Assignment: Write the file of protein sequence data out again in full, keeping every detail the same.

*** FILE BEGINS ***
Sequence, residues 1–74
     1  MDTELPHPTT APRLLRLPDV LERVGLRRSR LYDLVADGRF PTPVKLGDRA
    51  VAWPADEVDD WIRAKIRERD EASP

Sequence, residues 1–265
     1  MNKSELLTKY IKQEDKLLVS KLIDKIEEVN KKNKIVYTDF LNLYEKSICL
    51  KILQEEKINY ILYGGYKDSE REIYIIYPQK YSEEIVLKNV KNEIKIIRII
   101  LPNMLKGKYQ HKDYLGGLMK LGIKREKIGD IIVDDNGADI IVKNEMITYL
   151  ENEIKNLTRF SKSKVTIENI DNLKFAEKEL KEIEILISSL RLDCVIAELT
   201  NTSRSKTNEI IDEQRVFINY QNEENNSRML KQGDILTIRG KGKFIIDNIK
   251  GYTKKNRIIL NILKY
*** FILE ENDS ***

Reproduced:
Sequence, residues 1–74
     1  MDTELPHPTT APRLLRLPDV LERVGLRRSR LYDLVADGRF PTPVKLGDRA
    51  VAWPADEVDD WIRAKIRERD EASP

Sequence, residues 1–265
     1  MNKSELLTKY IKQEDKLLVS KLIDKIEEVN KKNKIVYTDF LNLYEKSICL
    51  KILQEEKINY ILYGGYKDSE REIYIIYPQK YSEEIVLKNV KNEIKIIRII
   101  LPNMLKGKYQ HKDYLGGLMK LGIKREKIGD IIVDDNGADI IVKNEMITYL
   151  ENEIKNLTRF SKSKVTIENI DNLKFAEKEL KEIEILISSL RLDCVIAELT
   201  NTSRSKTNEI IDEQRVFINY QNEENNSRML KQGDILTIRG KGKFIIDNIK
   251  GYTKKNRIIL NILKY